West Africa commits for implementation of the United Nations Convention against Corruption and validates a regional action plans a regional
Senegal and neighbours aknowledge that corruption poses a major threat to economic growth, effective governance and national industrial and social development. West Africa as a whole is particularly affected in this regard. In order to consolidate a joint response to corruption in the region.
UNODC advocating for less corruption in the subregion is backed by Senegalese President Abdoulaye Wade joined representatives from the Economic Community of West African States (ECOWAS), the African Union, government officials, ambassadors, United Nations officials and civil society members to discuss the development of a regional workplan that will help West African anti-corruption agencies to become more effective and to discuss the adoption and implementation of the United Nations Convention against Corruption.
The draft workplan contains elements on enhanced cooperation, in particular South-South cooperation; policy and technical support; information exchange; and the sharing of good practices at the regional level. The workplan also covers the official establishment of national anti-corruption agencies and the development of common policies, measures and tools to fight corruption.
Another important objective is to develop and strengthen evaluation and methodological tools for assessing the impact of anti-corruption activities. Members agreed to develop joint training activities in law enforcement and the judiciary, in combination with staff exchange programmes.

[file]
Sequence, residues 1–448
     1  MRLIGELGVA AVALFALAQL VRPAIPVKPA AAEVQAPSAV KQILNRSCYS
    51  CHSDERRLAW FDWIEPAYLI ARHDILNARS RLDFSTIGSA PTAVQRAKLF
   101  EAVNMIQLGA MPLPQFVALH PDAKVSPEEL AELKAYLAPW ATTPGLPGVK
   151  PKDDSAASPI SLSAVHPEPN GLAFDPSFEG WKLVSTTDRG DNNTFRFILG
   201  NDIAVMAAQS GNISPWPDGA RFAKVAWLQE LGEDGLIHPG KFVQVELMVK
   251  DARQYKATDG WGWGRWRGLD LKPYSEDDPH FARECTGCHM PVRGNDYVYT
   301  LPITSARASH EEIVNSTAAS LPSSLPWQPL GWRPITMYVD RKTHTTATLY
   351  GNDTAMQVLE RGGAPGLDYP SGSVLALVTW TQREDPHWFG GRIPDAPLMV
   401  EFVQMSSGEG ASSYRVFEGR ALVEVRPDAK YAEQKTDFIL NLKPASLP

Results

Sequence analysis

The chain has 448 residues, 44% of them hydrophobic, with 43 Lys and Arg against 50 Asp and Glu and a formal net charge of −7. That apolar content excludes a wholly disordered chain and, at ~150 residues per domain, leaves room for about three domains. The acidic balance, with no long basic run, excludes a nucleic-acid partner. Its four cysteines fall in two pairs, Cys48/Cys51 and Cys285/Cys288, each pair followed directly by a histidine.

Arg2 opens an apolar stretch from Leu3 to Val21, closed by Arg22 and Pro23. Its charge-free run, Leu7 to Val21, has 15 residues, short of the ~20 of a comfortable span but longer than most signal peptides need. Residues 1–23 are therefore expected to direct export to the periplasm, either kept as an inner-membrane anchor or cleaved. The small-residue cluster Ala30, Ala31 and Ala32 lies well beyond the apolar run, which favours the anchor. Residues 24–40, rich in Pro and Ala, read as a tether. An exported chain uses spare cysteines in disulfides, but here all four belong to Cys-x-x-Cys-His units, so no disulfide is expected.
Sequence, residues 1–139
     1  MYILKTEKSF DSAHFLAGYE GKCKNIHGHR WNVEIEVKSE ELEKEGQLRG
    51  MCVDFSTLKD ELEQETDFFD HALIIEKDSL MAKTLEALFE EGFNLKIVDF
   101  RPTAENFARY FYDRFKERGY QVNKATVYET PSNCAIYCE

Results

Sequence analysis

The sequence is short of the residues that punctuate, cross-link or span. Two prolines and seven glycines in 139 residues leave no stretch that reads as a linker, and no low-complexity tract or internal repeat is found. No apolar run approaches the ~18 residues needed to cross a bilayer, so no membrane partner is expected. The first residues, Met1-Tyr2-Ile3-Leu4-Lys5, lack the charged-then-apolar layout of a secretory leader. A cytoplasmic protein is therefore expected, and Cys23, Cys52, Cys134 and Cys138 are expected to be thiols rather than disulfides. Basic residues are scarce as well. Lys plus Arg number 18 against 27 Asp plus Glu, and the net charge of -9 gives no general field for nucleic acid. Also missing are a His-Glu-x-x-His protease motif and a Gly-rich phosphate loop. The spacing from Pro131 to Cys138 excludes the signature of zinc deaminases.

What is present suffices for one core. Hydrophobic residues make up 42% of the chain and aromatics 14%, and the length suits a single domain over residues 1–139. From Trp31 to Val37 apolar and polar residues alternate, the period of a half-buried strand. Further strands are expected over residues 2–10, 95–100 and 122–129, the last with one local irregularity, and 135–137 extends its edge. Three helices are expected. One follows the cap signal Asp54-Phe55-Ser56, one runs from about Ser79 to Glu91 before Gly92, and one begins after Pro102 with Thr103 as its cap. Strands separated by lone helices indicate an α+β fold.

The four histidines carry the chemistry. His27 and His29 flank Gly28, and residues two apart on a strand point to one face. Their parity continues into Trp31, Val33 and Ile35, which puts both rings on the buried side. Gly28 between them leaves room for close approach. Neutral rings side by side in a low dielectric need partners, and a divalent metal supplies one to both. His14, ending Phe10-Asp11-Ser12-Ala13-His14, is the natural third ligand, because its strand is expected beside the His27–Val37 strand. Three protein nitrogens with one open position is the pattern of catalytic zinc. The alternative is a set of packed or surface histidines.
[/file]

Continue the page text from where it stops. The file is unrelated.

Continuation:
The West African States represented at the forum showed their strong commitment to the Convention against Corruption, as well as to the African Union Convention on Preventing and Combating Corruption and the ECOWAS Protocol on the Fight against Corruption. Members agreed to promote further the ratification and implementation of the Convention against Corruption and to participate in the mechanism for the review of that Convention. They also reviewed the global efforts made and the lessons learned by various anti-corruption agencies in West Africa and called for the greater involvement of civil society and international development partners in the fight against corruption.
A joint website will be established to collect data on anti-corruption measures and tools. Initiatives for joint research will culminate in a comprehensive study of corruption in West Africa. As President Abdoulaye stressed: "We have the will to fight corruption. We need to be uninhibited with those who make us think that our countries are corrupt. I reject that and I cannot accept it. Africa is not corrupt, even if there are some corrupt individuals."